In verses 1-8, the sons of Korah let us know that the redemption of a man’s soul is costly. It can’t be obtained with wealth. We know now that the cost of a man’s soul is the suffering and death of the Son of God. A high price indeed!
You don’t find too many verses that speak about eternal life in the Hebrew Scriptures, even though it is central to the New Covenant and thus to the apostles’ writings. In Psalm 49, though, you find direct references. They [the sons of Korah] mention living eternally in verse 9, and then in verse 15 they express confidence that God will redeem their souls from Sheol, which is the same as Hades, the place of the dead.
This is one of the most forward looking of the Psalms. It does not simply honor riches, nor promise the righteous that they will have riches on this earth. Instead, it points out that the riches of the unrighteous do them no good once they die, whereas the righteous can hope that God will receive them, delivering their souls from Sheol.
Proverbs 15 and 16 have always been my favorite set of proverbs in the book of Proverbs. I don’t normally comment a lot on Proverbs, but I did quite a bit on Proverbs 15 in my last post.
Let’s see if I can leave you a little more to your own reading in Proverbs 16.
Verse 4: Now this is a proverb that can be difficult to chew on! God made everything for his own purpose, even the wicked for the day of evil. Of course, this should be a self-evident truth, but we don’t like to think that way about God. God foreknows everything. He knew that some would choose the way of righteousness and obedience and that others would not. According to Proverbs 16:4, it was his purpose to create a world in which there would be a day of judgment and retaliation for those who have done evil (and, of course, a day of reward for the righteous).
Verse 6: Lovingkindness and truth can atone for iniquity? Do we believe this?
It is true. The real problem we humans have is described in Romans 7. We can’t walk in lovingkindness and truth without divine intervention. Jesus did not come because there was no other way to atone for iniquity except his death. He came because the price for our redemption was his life. The Law could tell us what was right, but it couldn’t give us the power to do what is right (Rom. 7). But what the Law could not do, God did, and he did it by sending his own Son in the likeness of our sinful bodies, as an offering for sin. The result was that, following Jesus into his death in baptism, we would rise to a new life in him, empowered by the Spirit of God to fulfill the righteousness that the Law contained (Rom. 8:3-4).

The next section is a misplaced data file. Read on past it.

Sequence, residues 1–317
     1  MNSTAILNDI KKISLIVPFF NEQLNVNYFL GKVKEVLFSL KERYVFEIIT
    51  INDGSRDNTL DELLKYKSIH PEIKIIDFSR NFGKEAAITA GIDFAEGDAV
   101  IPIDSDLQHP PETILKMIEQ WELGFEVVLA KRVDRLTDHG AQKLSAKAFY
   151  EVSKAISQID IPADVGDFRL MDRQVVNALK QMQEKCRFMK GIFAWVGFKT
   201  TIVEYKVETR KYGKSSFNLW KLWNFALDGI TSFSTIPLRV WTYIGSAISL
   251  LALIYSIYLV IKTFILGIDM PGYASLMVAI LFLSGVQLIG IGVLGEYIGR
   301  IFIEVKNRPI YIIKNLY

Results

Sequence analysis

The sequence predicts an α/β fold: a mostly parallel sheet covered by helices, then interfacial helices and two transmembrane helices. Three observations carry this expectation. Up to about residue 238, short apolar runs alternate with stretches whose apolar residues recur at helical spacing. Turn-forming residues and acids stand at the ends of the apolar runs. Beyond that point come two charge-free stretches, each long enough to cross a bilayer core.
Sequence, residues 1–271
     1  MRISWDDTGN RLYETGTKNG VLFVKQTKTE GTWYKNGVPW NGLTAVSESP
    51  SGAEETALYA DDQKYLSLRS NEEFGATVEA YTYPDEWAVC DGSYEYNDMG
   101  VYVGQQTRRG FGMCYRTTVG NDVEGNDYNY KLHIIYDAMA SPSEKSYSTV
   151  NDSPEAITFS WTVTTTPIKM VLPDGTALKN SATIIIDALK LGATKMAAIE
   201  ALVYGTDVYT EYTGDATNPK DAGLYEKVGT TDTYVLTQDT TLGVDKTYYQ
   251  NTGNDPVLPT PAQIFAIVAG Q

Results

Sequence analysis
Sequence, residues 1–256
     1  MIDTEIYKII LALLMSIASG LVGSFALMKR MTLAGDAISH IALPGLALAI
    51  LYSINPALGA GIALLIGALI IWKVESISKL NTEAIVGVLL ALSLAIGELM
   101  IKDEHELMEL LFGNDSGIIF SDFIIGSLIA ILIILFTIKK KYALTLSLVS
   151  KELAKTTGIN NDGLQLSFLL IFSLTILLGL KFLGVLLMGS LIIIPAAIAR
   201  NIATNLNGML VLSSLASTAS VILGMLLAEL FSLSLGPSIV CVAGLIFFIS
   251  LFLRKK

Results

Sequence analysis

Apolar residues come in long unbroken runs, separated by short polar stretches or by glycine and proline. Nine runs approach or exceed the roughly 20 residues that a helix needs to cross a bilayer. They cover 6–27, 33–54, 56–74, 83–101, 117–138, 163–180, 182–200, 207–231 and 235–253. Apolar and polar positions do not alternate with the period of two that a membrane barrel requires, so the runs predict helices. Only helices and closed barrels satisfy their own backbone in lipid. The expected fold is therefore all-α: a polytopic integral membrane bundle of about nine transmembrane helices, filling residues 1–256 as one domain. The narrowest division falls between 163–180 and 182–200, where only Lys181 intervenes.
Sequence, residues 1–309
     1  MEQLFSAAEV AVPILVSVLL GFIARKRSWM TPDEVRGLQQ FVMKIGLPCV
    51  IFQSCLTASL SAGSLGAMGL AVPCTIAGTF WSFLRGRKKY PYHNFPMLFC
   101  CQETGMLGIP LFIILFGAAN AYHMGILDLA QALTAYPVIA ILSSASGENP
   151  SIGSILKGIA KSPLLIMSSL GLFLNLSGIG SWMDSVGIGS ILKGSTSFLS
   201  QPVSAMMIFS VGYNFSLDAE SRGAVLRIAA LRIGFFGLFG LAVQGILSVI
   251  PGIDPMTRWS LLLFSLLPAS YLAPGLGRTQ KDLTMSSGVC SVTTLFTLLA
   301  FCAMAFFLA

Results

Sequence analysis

All the terminology I just used is unusual in Christian circles today, but much of that last paragraph is direct quotes from Scripture. Today, we have been confused into thinking that God needed Jesus to die so that he could feel free to forgive people’s sins. Not so. God was merciful from the very beginning. Jesus sacrificed himself for us, not God.
By the grace of God, available under the New Covenant, which was put into force by Jesus’ blood, sin’s power over us is broken (Rom. 6:14). Thus, we can walk in lovingkindness and truth, and we find that love will cover a multitude of sins (1 Pet. 4:8), just as Proverbs 16:6 says it will.
Verse 7: When a man’s ways please the Lord, the Lord will make even his enemies to be at peace with him. This does not tell us that he will make his own enemies be at peace with us. The type of enemies who killed Jesus will kill us, too, if they get a chance to do so without repercussion. But our own enemies, God will help us with those.
Verse 9 is a famous verse. We plan, but it’s the Lord who makes our steps fall where they may.
Verse 16: Just want to highlight this: How much better it is to get wisdom than gold!
Verse 17: The highway of the upright is to depart from evil. This sounds just like 1 Peter 3:10-12: "He that would love life and see good days, let him … depart from evil and do good."
Verses 18-20: Well known verses concerning pride and humility.
Verse 21 was sent to me in a text from a friend once on a day when I was asking God whether to be strong or understanding with someone I needed to talk to. Should I rebuke or encourage was what I was praying. Proverbs 18:21 told me, "The wise in heart will be called understanding, and sweetness of speech increases persuasiveness" (NASB).
Verses 22-24 add on to verse 21. Lord, teach us to become wise in our speech!
Verse 25 is the same as Proverbs 14:12. It’s in Proverbs twice, perhaps we should give it twice as much attention!
I like the KJV of verse 28. It is a "whisperer" who separates the best of friends. In the church let us not only avoid being but also beware of whisperers, for they will separate Christians not just from one another but from their Lord as well.
Verses 29-31 can be read (should be read?) as an extension of verse 28. There are perverse men, whisperers, violent men, those who wink, and those who purse their lips. Careful of such men. So often, the answer to these farmers of doubt and division is found from the gray-haired man, the old fuddy-duddy who hasn’t caught up to modern life and is still walking in the ancient ways.
I’m going to stop there and get started on Isaiah 1-5. Thanks for your patience!